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Exporters caught up in US restrictions on materials from Xinjiang

A US ban on materials made in a western Chinese region and soft demand for Philippine garments have caused exporters to lay off or place on forced leave more than 5,000 workers in the wearables industry, the Confederation of Wearable Exporters of the Philippines (CONWEP) said.

In a virtual briefing on Monday, CONWEP Executive Director Maritess Jocson-Agoncillo said the downsizings involve the country’s top cotton apparel exporter, L&T Clark, which is part of Hong Kong-based Luen Thai Group.

Ms. Jocson-Agoncillo said that industry’s performance has been declining for the past two years due to softened demand.

In 2023, exports of wearable apparel, textiles, travel goods, and footwear declined 19% to $1.36 billion, while exports in the first two months of 2024 declined 12% to $215.86 million.

“Over and above this, what really instigated this (the layoff) was the concerns of the industry related to the Uyghur Forced Labor Prevention Act (UFLPA),” she said, referring to a US law sanctioning China due to allegations that residents of Xinjiang, mainly from the Uyghur ethnic minority, have been placed in camps and made to perform forced labor.

UFLPA requires that exporters certify that their shipments contain no materials from Xinjiang, which is a major producer of cotton.

Ms. Jocson-Agoncillo said that the UFLPA has hindered the entry of L&T exports to the US, which cost the company around $5 million, with the cost to the export industry overall estimated at $6 million in losses.

Ms. Jocson said that L&T ended up retrenching around 2,000 employees in Clark, while nine other plants reported, citing various reasons, the retrenchment or forced leave of 3,077 workers in the four months to April.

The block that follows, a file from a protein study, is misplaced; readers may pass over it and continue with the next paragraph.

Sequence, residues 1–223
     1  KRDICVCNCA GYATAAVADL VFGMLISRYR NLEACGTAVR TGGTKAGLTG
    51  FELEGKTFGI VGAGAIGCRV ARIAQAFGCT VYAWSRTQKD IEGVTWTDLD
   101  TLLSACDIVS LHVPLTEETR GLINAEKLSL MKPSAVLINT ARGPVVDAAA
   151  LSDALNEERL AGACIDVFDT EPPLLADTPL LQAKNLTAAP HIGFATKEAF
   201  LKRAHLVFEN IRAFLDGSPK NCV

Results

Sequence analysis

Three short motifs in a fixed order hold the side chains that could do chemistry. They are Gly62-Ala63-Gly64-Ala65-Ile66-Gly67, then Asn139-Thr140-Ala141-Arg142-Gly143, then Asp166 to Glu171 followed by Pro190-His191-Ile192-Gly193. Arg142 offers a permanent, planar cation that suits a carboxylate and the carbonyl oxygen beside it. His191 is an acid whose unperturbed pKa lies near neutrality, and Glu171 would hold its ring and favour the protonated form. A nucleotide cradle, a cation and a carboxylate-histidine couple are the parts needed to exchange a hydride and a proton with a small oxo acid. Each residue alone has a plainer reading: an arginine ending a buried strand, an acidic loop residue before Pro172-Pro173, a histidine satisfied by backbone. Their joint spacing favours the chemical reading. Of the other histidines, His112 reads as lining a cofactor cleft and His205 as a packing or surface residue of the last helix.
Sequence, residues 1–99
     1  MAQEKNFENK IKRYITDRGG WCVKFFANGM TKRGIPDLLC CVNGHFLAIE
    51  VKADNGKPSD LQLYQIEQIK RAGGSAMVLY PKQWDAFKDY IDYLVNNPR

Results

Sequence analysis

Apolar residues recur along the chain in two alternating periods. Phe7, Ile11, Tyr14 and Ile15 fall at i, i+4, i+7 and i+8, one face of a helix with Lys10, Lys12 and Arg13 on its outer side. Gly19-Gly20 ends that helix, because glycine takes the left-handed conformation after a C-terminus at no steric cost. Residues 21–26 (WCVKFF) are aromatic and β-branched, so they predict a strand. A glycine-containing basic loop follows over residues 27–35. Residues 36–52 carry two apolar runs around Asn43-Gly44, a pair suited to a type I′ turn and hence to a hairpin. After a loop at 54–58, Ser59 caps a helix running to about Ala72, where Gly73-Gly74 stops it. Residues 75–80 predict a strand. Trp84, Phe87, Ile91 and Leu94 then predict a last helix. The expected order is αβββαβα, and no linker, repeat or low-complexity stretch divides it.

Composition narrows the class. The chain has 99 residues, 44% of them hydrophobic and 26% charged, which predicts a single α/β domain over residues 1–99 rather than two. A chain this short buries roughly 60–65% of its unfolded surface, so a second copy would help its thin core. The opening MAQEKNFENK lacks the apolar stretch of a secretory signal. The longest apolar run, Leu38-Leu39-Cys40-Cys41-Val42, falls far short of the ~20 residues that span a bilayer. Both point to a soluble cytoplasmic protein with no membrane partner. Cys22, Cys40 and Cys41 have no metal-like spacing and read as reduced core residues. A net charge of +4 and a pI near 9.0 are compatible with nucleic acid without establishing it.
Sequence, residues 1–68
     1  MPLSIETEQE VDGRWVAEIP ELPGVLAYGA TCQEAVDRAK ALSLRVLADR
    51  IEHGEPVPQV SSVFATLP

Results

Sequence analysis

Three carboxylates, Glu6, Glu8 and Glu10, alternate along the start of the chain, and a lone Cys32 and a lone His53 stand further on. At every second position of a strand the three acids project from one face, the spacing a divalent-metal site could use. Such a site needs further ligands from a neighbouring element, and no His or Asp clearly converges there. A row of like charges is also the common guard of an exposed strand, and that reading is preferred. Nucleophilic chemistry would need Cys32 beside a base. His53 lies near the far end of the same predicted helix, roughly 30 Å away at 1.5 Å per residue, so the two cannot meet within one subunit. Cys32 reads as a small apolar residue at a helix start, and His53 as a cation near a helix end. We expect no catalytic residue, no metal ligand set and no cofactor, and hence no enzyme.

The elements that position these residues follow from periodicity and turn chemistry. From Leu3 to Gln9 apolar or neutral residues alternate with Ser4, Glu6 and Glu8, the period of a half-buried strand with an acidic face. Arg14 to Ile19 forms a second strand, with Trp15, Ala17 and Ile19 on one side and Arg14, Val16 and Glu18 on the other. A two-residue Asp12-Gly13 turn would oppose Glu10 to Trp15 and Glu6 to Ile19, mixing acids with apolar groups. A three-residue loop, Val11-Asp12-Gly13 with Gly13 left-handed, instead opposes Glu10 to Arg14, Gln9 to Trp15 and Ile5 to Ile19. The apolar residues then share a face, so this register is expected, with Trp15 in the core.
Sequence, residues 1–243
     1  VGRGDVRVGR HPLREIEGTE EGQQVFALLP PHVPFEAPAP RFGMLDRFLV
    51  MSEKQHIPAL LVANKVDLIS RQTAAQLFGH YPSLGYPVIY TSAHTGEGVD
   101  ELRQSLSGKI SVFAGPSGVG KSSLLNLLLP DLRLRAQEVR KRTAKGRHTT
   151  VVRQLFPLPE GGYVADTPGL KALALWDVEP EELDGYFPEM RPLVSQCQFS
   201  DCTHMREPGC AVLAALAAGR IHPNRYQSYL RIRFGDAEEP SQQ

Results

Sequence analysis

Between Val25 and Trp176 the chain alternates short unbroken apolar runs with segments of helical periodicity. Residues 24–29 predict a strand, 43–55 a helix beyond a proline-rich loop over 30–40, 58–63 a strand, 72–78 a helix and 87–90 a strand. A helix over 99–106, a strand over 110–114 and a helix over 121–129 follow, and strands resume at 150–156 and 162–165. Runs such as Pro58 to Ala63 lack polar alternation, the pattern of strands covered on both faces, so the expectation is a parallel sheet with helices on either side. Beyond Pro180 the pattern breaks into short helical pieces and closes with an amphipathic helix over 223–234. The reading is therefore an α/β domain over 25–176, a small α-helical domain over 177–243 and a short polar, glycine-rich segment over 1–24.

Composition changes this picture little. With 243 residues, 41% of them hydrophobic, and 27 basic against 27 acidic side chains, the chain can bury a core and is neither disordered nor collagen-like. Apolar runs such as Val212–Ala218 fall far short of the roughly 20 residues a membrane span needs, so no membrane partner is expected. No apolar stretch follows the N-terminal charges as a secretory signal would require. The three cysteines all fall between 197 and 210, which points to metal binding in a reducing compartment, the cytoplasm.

In a statement on Monday, L&T Clark said the UFLPA presented unforeseeable difficulties for its operations.

“Despite our strict adherence to UFLPA-compliant sourcing practices, we are currently being required by CBP (the US Customs and Border Protection agency) to prove the origin and production practices of all elements of our supply chain,” the company said.

“(This) has led to prolonged delays in clearing recent US shipments, causing significant business interruption and order losses,” it added.

L&T Clark said that the delayed entry of the shipments led to the decision to place employees on forced leave.

“Given the extended and unanticipated time period for determinations on our shipments by CBP, it has become unsustainable to maintain full capacity without causing undue hardship to our employees,” it said.

“As a result, L&T Clark was compelled to implement a retrenchment program. This challenging decision is made with our employees’ well-being in mind, to spare them from uncertainty and prolonged forced leave,” it added.

On April 26, the company announced a retrenchment program for its 2,000 employees, which allowed affected employees to receive comprehensive severance packages that met legal standards.

“Looking to the future, we are hopeful for a rebound in business. Once these conditions improve and orders resume, our goal is to rehire our skilled workforce and restore normal operations,” the company said.

“It is crucial to recognize that these circumstances are the result of external policies beyond our control,” it added.

According to Ms. Jocson-Agoncillo, the industry saw the release of a few of the shipments a week and a half ago amid efforts by the Department of Trade and Industry to address the problem with the US government.

“However, at the end of the day, the damage is done because these shipments were due for November and December and were supposed to be in the stores in February, but since early November, they started getting detained,” she said.

As such, among CONWEP members, “close to about $6 million (worth of shipments) have been compromised,” she added.

Asked for an industry outlook, she said a rebound is possible by the end of the year.

“(The members) are very optimistic that, towards the end of the year until early next year, we can rebound,” she said. “The optimism is coming from the confidence of the buyers. For the Luen Thai Group, the partnership with its major counterpart buyers is there.” — Justine Irish D. Tabile